Xenophon of Athens, Agesilaus

LCL 183: 60-61

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Xenophon

ΞΕΝΟΦΩΝΤΟΣ ΑΓΗΣΙΛΑΟΣ

I. Οἶδα μέν, ὅτι τῆς Ἀγησιλάου ἀρετῆς τε καὶ δόξης οὐ ῥᾴδιον ἄξιον ἔπαινον γράψαι, ὅμως δ᾿ ἐγχειρητέον· οὐ γὰρ ἂν καλῶς ἔχοι, εἰ ὅτι τελέως ἀνὴρ ἀγαθὸς ἐγένετο, διὰ τοῦτο οὐδὲ μειόνων τυγχάνοι ἐπαίνων.

2Περὶ μὲν οὖν εὐγενείας αὐτοῦ τί ἄν τις μεῖζον καὶ κάλλιον εἰπεῖν ἔχοι ἢ ὅτι ἔτι καὶ νῦν τοῖς προγόνοις ὀνομαζομένοις ἀπομνημονεύεται, ὁπόστος ἀφ᾿ Ἡρακλέους ἐγένετο, καὶ τούτοις οὐκ 3ἰδιώταις, ἀλλ᾿ ἐκ βασιλέων βασιλεῦσιν; ἀλλὰ μὴν οὐδὲ ταύτῃ γ᾿ ἄν τις ἔχοι καταμέμψασθαι αὐτούς, ὡς βασιλεύουσι μέν, πόλεως δὲ τῆς ἐπιτυχούσης· ἀλλ᾿ ὥσπερ τὸ γένος αὐτῶν τῆς πατρίδος ἐντιμότατον, οὕτω καὶ ἡ πόλις ἐν τῇ Ἑλλάδι ἐνδοξοτάτη· ὥστε οὐ δευτέρων πρωτεύουσιν, 4ἀλλ᾿ ἡγεμόνων ἡγεμονεύουσι. τῇδέ γε μὴν καὶ κοινῇ ἄξιον ἐπαινέσαι τήν τε πατρίδα καὶ τὸ γένος αὐτοῦ· ἥ τε γὰρ πόλις οὐδεπώποτε φθονήσασα τοῦ προτετιμῆσθαι αὐτοὺς ἐπεχείρησε καταλῦσαι τὴν ἀρχὴν αὐτῶν οἵ τε βασιλεῖς οὐδεπώποτε μειζόνων ὠρέχθησαν ἢ ἐφ᾿ οἷσπερ ἐξ ἀρχῆς τὴν βασιλείαν παρέλαβον. τοιγαροῦν ἄλλη μὲν οὐδεμία ἀρχὴ φανερά ἐστι διαγεγενημένη ἀδιάσπαστος οὔτε δημοκρατία οὔτε ὀλιγαρχία

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Agesilaus, i.

Agesilaus

I. I know how difficult it is to write an appreciation of Agesilaus that shall be worthy of his virtue and glory. Nevertheless the attempt must be made. For it would not be seemly that so good a man, just because of his perfection, should receive no tributes of praise, however inadequate.

Now concerning his high birth what greater and2 nobler could be said than this, that even to-day the line of his descent from Heracles1 is traced through the roll of his ancestors, and those no simple citizens, but kings and sons of kings? Nor are they open to3 the reproach that though they were kings, they ruled over a petty state. On the contrary, as their family is honoured above all in their fatherland, so is their state glorious above all in Greece; thus they are not first in the second rank, but leaders in a community of leaders. On one account his fatherland4 and his family are worthy to be praised together, for never at any time has the state been moved by jealousy of their pre-eminence to attempt the overthrow of their government, and never at any time have the kings striven to obtain greater powers than were conferred on them originally at their succession to the throne. For this reason, while no other government—democracy, oligachy, despotism or kingdom—can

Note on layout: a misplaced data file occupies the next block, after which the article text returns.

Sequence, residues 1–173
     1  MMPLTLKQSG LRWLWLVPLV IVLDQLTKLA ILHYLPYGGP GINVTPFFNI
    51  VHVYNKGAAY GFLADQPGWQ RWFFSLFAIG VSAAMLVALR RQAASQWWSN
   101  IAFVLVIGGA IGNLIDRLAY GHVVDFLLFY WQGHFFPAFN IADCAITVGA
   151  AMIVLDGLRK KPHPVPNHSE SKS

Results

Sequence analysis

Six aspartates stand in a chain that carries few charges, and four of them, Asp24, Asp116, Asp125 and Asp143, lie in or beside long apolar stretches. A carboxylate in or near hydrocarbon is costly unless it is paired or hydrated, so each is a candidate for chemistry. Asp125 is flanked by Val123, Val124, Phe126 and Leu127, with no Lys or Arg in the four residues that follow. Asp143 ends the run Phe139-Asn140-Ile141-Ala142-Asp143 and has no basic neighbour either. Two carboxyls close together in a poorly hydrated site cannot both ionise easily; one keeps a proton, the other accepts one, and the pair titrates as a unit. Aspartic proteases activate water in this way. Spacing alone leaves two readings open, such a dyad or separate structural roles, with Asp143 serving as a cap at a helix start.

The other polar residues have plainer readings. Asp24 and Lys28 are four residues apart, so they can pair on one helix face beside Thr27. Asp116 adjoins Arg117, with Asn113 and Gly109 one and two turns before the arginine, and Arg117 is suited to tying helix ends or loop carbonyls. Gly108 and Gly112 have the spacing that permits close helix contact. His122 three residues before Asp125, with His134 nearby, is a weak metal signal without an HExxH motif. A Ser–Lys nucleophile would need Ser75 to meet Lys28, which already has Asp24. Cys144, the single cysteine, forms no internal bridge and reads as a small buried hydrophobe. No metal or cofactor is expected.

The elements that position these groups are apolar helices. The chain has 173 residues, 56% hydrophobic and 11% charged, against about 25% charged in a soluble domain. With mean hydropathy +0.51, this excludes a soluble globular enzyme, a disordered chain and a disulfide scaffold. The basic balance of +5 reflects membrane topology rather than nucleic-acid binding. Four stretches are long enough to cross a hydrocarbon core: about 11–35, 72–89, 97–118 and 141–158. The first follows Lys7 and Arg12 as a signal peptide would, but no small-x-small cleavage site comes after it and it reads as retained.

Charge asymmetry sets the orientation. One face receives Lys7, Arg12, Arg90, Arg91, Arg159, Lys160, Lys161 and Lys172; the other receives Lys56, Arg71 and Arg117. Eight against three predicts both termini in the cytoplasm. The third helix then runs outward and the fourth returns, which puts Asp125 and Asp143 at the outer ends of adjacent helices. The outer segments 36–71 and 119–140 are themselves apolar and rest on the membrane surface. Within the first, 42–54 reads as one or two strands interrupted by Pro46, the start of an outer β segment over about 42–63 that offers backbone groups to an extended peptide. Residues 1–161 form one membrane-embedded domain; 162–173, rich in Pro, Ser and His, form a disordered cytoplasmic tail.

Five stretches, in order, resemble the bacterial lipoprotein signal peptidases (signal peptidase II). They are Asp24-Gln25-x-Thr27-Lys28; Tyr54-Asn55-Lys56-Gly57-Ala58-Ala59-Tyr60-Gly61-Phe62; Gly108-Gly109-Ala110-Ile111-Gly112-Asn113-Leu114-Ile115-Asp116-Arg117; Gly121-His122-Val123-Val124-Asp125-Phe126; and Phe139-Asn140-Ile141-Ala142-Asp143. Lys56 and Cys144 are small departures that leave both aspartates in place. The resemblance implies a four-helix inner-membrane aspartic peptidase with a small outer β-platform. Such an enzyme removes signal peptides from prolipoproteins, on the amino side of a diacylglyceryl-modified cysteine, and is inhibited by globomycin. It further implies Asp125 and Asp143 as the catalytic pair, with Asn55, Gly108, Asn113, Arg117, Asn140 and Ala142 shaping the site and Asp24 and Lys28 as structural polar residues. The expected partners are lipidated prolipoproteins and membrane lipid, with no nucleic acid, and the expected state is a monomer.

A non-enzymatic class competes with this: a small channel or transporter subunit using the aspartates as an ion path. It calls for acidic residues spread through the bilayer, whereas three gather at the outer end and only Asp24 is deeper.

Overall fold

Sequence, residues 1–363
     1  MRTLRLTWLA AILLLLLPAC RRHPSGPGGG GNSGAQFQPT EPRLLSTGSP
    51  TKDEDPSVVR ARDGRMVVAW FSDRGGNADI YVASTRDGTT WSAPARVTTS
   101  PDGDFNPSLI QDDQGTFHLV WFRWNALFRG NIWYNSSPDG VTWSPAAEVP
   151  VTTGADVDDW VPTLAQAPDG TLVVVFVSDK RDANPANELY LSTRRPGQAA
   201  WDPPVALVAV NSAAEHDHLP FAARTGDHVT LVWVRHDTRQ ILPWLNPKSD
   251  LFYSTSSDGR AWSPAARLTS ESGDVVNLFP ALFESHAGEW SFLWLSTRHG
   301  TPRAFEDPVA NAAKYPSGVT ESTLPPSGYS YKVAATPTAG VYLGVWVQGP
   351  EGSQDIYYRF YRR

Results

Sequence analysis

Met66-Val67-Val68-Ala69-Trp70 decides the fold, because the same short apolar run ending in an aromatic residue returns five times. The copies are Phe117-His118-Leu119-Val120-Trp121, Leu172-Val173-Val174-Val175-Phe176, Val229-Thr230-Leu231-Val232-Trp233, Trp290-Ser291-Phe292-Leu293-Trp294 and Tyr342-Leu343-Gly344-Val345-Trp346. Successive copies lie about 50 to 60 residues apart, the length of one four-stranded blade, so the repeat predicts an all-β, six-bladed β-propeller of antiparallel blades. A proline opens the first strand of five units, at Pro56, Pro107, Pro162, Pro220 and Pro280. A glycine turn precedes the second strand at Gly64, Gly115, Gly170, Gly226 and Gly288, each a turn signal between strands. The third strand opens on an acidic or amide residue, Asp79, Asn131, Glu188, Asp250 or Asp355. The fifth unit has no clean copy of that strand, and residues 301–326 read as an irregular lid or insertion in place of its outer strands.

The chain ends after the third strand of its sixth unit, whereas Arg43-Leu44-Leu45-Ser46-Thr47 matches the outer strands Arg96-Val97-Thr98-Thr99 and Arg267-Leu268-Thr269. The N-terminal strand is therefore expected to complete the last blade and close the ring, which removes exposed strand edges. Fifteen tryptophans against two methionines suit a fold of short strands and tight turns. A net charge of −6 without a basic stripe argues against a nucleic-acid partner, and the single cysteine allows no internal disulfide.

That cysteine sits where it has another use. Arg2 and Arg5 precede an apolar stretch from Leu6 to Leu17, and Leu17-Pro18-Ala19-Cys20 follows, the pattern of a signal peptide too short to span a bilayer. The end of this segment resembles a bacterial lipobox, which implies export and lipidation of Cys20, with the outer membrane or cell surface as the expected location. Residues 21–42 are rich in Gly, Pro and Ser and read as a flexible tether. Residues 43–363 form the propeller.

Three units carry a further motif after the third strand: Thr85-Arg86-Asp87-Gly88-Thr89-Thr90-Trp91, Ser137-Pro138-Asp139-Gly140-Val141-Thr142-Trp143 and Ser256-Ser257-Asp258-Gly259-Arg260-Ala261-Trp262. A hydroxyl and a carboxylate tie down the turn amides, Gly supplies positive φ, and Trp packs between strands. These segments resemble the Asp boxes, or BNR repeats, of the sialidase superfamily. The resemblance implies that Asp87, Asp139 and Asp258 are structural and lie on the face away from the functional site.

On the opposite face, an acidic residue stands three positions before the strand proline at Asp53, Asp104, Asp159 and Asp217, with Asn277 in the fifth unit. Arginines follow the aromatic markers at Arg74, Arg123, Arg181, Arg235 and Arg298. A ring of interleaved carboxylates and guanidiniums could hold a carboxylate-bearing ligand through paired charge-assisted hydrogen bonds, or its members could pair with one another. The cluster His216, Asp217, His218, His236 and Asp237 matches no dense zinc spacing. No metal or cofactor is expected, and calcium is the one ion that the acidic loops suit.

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DOI: 10.4159/DLCL.xenophon_athens-agesilaus.1925